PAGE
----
Pilot ignored weather warnings, says report

 

Australian Piper PA31-350 was ill-equipped for reported icing conditions in Victoria

The pilot of a Piper PA31-350 Navajo Chieftain that crashed at a ski resort in Victoria, Australia last month flew into known hazardous weather despite the aircraft not being equipped for such conditions. The pilot also proceeded with the flight after two aircraft earlier the same day were unable to complete global navigation satellite system (GNSS) approaches at the destination airport due to the conditions.

The Chieftain, on a visual flight rules flight from Melbourne’s Essendon airport, crashed into a tree covered ridge, 5km (2.7nm) southeast of Mount Hotham aerodrome, killing the pilot and two passengers, according to the Australian Transport Safety Bureau’s (ATSB) preliminary report into the 8 July crash.

Although the ATSB cannot comment at this stage on the approach used, industry sources suggest the pilot was conducting his own global positioning system approach that followed a road rather than the published route.

Before taking off from Essendon the pilot amended his destination to Wangaratta due to reports of adverse weather at Mount Hotham. During the flight, however, the pilot changed his destination to Mount Hotham, despite being told twice directly by the airport manager and once via the Flightwatch radio service that he would be unable to land the aircraft, which was not equipped for flight into forecast or known icing conditions.

The aerodrome was experiencing low cloud, poor visibility and snow showers, and icing conditions were predicted. Despite this, the pilot continued to Mount Hotham, informing the Flightwatch operator that “our customer [a Queensland property developer] is keen to have a look at it.”

Earlier that day a Bombardier Dash 8 and a Cessna Citation had attempted GNSS approaches to the aerodrome, but the aircraft diverted as the crews were unable to establish visual reference at the cloud and visibility minima, says the ATSB.

The pilot of the Chieftain requested a change of flight category to instrument flight rules to conduct a GNSS approach, but he did not follow the published procedure, says the ATSB, despite GNSS working properly at the time. The pilot believed he was on final approach to Mount Hotham when the aircraft crashed into a steep slope. At the time of the crash there were snow showers and an unbroken cloud base at between 100ft and 200ft (30m and 60m). Visibility was 300m with a temperature of 0°C (32°F).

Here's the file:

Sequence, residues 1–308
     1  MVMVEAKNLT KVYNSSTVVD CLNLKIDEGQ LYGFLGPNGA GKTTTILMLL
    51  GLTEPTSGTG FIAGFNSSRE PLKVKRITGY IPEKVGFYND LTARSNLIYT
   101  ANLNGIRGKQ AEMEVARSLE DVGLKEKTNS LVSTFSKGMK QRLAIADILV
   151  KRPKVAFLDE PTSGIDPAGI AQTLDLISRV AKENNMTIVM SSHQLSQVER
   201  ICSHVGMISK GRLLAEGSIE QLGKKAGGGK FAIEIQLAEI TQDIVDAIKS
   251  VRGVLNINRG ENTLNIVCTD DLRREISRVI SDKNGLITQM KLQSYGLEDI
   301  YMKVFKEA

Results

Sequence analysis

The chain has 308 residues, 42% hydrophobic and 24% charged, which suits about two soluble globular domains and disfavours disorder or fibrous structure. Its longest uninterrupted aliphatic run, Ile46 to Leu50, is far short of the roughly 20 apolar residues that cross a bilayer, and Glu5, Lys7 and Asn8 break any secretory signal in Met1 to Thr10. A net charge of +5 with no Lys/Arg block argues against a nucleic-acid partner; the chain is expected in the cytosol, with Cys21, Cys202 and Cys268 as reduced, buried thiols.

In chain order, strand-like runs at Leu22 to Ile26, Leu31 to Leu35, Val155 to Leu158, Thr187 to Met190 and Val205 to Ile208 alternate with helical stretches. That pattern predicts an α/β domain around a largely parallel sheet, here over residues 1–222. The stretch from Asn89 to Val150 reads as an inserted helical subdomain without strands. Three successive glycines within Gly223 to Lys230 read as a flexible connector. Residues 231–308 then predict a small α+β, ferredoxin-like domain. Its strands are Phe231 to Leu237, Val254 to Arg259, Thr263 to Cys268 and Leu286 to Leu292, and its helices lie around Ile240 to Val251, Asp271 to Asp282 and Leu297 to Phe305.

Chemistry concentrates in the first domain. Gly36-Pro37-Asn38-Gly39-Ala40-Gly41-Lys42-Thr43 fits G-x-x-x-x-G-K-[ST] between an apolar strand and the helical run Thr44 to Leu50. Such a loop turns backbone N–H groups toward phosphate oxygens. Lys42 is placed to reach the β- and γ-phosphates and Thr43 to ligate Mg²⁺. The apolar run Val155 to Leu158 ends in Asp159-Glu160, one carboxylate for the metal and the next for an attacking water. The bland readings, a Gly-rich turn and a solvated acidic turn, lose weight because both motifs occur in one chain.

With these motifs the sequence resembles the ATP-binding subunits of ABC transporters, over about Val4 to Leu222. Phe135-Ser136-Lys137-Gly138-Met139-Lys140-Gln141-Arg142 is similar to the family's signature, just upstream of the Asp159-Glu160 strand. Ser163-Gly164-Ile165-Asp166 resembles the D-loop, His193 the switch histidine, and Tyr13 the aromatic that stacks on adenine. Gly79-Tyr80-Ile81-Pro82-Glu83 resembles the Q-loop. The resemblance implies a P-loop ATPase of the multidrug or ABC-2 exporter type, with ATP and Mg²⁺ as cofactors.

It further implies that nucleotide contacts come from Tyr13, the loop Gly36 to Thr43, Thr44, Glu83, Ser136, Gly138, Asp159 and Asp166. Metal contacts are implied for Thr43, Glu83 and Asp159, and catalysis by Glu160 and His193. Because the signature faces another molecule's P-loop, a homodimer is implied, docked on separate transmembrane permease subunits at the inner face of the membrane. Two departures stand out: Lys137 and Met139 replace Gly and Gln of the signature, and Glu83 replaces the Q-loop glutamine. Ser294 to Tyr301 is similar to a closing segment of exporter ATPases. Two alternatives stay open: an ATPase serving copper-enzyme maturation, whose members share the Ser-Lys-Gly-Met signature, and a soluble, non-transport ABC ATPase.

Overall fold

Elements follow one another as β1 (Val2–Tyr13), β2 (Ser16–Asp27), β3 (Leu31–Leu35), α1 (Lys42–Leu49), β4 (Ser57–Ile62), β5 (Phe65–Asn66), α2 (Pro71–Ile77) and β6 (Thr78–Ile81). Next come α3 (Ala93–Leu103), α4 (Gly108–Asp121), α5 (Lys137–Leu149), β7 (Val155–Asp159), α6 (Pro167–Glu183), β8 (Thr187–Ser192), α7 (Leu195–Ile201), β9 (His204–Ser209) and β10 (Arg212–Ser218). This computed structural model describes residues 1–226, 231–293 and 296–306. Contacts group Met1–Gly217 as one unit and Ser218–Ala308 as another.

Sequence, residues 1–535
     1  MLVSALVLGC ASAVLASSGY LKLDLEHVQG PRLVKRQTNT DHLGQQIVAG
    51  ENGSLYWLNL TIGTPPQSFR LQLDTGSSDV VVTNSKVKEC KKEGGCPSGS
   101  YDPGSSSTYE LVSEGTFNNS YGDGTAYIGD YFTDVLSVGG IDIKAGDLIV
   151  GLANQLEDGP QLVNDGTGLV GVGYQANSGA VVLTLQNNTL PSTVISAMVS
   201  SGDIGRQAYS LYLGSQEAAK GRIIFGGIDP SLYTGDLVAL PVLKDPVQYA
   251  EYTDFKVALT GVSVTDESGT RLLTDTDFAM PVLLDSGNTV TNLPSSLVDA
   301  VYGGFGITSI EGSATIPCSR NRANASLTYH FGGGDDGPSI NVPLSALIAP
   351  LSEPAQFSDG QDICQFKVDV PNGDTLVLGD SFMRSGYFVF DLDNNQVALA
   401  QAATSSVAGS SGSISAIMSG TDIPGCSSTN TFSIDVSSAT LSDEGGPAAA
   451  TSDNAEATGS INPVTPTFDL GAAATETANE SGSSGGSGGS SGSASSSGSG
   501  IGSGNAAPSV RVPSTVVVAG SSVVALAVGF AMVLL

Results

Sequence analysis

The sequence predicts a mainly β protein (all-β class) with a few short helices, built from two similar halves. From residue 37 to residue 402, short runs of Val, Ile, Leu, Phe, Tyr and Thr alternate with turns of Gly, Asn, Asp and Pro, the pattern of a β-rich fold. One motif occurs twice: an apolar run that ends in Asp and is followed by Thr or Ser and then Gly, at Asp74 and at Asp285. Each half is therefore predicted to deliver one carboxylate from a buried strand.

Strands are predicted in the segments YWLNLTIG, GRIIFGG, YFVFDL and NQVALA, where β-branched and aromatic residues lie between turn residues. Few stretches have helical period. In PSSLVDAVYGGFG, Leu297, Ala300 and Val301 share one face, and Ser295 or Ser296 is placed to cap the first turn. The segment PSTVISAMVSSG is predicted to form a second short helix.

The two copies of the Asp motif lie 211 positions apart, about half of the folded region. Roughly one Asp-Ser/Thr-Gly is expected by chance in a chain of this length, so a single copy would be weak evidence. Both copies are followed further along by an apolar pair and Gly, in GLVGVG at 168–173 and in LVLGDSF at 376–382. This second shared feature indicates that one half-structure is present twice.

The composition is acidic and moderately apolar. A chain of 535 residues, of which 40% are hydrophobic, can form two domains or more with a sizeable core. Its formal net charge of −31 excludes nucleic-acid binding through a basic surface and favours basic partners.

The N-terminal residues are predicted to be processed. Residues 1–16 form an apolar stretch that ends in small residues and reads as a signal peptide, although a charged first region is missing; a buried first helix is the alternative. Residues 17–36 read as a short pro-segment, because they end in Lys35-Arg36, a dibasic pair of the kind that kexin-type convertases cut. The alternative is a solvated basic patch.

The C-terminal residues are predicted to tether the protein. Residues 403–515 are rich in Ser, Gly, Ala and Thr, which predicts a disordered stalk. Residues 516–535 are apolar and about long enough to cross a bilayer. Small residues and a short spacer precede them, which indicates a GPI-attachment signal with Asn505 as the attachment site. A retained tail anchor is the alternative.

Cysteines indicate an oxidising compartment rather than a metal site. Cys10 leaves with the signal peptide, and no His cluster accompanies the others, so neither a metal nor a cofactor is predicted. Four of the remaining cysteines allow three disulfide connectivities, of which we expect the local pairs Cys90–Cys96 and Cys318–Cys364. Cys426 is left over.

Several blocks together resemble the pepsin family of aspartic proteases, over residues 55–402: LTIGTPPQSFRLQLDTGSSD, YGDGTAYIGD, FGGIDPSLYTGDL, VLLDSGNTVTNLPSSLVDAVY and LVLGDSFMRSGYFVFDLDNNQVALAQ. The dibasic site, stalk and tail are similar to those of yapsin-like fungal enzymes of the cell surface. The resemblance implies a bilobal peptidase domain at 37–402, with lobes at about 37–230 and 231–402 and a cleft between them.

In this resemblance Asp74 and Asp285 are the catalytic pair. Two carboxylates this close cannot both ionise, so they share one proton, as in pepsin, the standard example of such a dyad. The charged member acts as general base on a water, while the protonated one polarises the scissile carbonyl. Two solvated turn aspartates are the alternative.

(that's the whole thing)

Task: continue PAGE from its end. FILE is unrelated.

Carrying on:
EMMA KELLY/PERTH

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Snow smash pilot ‘unsafe’

BY KRISTY GRANT

 

Police search and rescue officers at the wreckage of the plane.
 

UNSAFE practices by a pilot who ignored a severe weather warning led to his plane flying into a rise near Mt Hotham killing him and two passengers, an investigation has found.

The Piper Navajo Chieftain crashed during a snowstorm as the pilot attempted to land at Mt Hotham on July 8 last year.

The bodies of Gold Coast developer Brian Ray, his wife Kathy and Geelong pilot Russell Lee were found in the crashed plane three days later.

A report released by the Australian Transport Safety Bureau yesterday found a phenomenon known as flat light had also contributed to the fatality.

Flat light can affect a pilot’s perception of depth, distance, altitude and topographical features, making it impossible to distinguish features on a snowy mountain slope.

The report said the chartered flight had left Essendon with an intended flight plan to land at Mt Hotham.

While taxiing out of the airport Mr Lee requested and was granted an amended flight plan to land at Wangaratta as there was adverse weather on the mountain.

But minutes later he changed his landing location back to Mt Hotham and requested the operator advise Mt Hotham of its arrival.

The airport manager, who was also an accredited meteorological observer, told the Flightwatch operator that the aircraft would be unable to land due to the weather conditions.

The investigation found Mr Lee had switched from a visual to an instrument landing, but that the conditions were not suitable for the landing.

Mr Lee requested the runway lights be switched on. That was the last that was heard from the plane.

Weather reports from the day show sleet and snow showers with visibility to 300m and an unbroken cloud base between 30 and 60m.

The report said weather conditions on the day were ideal for the flat light phenomenon.

“The pilot may have experienced disorientation and loss of situational awareness,” it stated.

Staff at Mt Hotham airport had witnessed the pilot land previously in unsuitable weather conditions.

“The pilot was known, by his chief pilot and others, to adopt non-standard approach procedures to establish his aircraft clear of cloud when adverse weather conditions existed at Mt Hotham,” the report stated.

“This accident highlights the unsafe nature of such practices.

“The investigation was unable to determine why the pilot persisted with his attempt to land at Mt Hotham in such adverse weather conditions.

“However, it is possible that over-confidence and commercial or family pressures influenced the pilot’s decision making.”

ATSB advised the Civil Aviation Safety Authority review its surveillance methods, which may include co-operation with Airservices Australia, to detect patterns of unsafe flying practices and non-compliance with regulatory requirements.

 

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